New sanctions Monday would be the third round enacted by the Trump administration against Russia in the past four weeks. Last month, the administration targeted Russian companies and individuals for intervening in the 2016 election and mounting cyberattacks against Western facilities. It followed that this month with penalties against Putin’s inner circle, singling out some of Russia’s richest men and top government officials.
The administration also expelled 60 Russian diplomats and intelligence officers and closed the Russian Consulate in Seattle in response to the poisoning of a former Russian spy living in Britain. Russia responded by expelling 60 U.S. diplomats and closing the U.S. Consulate in St. Petersburg.
Putin spoke with President Hassan Rouhani of Iran on Sunday to discuss the confrontation in Syria and reaffirm his opposition to the airstrike by U.S., British and French forces. “Vladimir Putin, in particular, stressed that if such actions, carried out in violation of the U.N. Charter, continue, it will inevitably lead to chaos in international relations,” the Kremlin said in a statement.
The United States’ allies in Britain and France declared that they were prepared to act again if necessary, but made clear that they did not want to become further involved in Syria. “The rest of the Syrian war must proceed as it will,” Boris Johnson, Britain’s foreign secretary, said on the BBC, adding that the “primary purpose is to say no to the use of barbaric chemical weapons.”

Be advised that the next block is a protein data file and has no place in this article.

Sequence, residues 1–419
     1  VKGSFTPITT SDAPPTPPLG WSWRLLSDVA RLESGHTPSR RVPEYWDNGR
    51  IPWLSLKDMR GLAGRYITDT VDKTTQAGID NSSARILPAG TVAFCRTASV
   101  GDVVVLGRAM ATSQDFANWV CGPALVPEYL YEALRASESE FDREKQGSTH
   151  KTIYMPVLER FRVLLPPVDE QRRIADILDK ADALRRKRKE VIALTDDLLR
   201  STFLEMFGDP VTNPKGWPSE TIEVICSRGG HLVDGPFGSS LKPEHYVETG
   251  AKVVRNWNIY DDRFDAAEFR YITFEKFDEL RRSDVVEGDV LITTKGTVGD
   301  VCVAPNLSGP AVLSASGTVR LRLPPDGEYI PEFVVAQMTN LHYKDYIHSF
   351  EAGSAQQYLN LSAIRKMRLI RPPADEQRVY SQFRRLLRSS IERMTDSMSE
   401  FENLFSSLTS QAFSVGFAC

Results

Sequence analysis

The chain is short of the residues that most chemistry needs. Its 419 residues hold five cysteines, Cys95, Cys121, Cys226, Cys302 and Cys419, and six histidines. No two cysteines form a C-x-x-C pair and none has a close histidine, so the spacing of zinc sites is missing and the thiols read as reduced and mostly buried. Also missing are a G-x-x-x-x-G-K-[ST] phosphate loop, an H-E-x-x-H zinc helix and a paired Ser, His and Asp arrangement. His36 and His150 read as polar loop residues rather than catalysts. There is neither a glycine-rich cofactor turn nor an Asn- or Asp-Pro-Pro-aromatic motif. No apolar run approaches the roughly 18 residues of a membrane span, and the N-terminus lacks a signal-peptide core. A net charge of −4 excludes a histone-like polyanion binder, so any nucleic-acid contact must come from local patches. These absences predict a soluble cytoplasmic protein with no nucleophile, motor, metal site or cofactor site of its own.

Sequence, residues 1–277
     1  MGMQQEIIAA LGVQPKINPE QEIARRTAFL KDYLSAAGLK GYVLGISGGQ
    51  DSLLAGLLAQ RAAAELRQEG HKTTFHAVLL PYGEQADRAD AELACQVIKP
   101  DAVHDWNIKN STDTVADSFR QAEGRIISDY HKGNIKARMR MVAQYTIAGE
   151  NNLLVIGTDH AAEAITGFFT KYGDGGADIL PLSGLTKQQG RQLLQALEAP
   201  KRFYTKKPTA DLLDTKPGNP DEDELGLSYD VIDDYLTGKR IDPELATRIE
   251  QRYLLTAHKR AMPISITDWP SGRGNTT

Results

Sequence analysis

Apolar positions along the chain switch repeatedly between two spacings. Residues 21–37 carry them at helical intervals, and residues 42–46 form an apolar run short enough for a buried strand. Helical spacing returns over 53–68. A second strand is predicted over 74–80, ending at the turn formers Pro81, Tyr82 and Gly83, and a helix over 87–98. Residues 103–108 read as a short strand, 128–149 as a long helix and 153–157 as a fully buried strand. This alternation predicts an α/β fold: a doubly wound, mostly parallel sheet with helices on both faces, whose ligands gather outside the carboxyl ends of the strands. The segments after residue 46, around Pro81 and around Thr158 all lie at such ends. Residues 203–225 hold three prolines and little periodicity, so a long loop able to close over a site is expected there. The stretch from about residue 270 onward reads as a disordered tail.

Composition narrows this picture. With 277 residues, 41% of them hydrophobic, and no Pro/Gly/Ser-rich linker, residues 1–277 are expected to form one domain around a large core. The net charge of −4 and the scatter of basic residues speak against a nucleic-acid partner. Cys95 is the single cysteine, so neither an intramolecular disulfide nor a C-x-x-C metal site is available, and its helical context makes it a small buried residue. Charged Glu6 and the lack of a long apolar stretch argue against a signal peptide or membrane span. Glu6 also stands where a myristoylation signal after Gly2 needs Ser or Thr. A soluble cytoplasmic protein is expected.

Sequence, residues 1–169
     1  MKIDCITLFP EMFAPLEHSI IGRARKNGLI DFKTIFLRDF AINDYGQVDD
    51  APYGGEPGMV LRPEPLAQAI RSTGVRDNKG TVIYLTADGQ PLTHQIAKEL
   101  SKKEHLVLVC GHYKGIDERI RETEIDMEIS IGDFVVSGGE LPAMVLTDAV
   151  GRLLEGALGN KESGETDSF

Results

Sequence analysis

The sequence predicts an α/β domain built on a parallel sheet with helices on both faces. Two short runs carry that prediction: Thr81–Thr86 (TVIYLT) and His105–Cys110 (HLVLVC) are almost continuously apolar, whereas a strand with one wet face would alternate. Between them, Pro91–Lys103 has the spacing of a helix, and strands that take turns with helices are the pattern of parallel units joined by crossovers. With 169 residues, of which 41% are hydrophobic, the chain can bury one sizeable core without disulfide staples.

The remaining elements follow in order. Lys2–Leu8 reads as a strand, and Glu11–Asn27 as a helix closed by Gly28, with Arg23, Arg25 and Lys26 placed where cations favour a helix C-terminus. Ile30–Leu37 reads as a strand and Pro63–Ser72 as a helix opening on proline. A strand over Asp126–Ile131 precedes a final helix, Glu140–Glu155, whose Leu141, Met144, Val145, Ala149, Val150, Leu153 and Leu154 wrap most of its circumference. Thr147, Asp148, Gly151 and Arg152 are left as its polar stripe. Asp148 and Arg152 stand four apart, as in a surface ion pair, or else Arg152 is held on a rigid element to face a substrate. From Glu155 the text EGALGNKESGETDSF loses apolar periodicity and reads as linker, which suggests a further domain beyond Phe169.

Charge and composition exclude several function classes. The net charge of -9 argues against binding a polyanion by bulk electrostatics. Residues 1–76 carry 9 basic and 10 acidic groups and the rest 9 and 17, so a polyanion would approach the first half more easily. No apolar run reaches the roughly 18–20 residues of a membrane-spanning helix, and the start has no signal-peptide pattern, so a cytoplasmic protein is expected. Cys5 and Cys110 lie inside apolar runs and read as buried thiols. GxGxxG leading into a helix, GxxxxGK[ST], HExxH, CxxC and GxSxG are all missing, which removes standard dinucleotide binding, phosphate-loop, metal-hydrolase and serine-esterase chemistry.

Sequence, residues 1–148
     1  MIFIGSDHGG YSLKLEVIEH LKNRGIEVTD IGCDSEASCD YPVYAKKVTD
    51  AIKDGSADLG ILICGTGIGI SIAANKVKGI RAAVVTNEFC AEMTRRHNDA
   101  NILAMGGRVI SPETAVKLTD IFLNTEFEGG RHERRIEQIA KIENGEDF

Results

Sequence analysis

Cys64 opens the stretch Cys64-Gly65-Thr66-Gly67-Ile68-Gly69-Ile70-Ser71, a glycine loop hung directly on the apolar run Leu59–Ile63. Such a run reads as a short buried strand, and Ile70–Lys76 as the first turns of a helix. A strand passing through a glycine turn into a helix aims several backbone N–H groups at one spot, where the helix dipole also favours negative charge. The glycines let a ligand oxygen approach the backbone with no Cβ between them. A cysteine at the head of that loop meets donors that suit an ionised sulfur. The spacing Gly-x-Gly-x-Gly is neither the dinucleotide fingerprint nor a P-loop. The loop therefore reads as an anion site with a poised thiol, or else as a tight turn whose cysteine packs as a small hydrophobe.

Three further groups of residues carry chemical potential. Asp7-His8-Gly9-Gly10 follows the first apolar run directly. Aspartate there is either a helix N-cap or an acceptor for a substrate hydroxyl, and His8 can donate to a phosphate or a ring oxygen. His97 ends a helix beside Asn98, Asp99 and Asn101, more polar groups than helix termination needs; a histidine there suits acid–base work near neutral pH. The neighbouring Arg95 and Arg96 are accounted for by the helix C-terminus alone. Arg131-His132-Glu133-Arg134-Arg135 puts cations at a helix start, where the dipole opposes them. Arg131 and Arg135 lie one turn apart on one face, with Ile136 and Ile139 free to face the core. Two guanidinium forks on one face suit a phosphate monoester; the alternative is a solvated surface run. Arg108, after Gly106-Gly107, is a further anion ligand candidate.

International inspectors from the Organization for the Prohibition of Chemical Weapons were in Syria on Sunday to start an investigation of the suspected chemical attack that killed dozens of people in the Damascus suburb of Douma on April 7 and prompted the U.S.-led retaliatory strike. U.S. officials have said video and other evidence points to the use of both chlorine and sarin gas by the Syrian government. Russia has asserted that the attack was fabricated to justify military action by the West.
The strikes against Syria were designed to avoid provoking Russia into a response. By hitting just three targets and limiting the attack to a single night, the Trump administration seemed to avoid compelling Moscow to lash back.
But Haley said the administration was determined to make Moscow pay a price for supporting Assad, noting that it had vetoed six U.N. resolutions related to Syria and chemical weapons.
“Assad knew that Russia had its back,” she said on “Fox News Sunday.” “Assad knew that Russia would cover for him at the United Nations, and Assad got reckless and he used it in a way that was far more aggressive.”
The White House did not respond to requests for comment Sunday. The Treasury Department, which Haley said would issue the sanctions, declined to elaborate.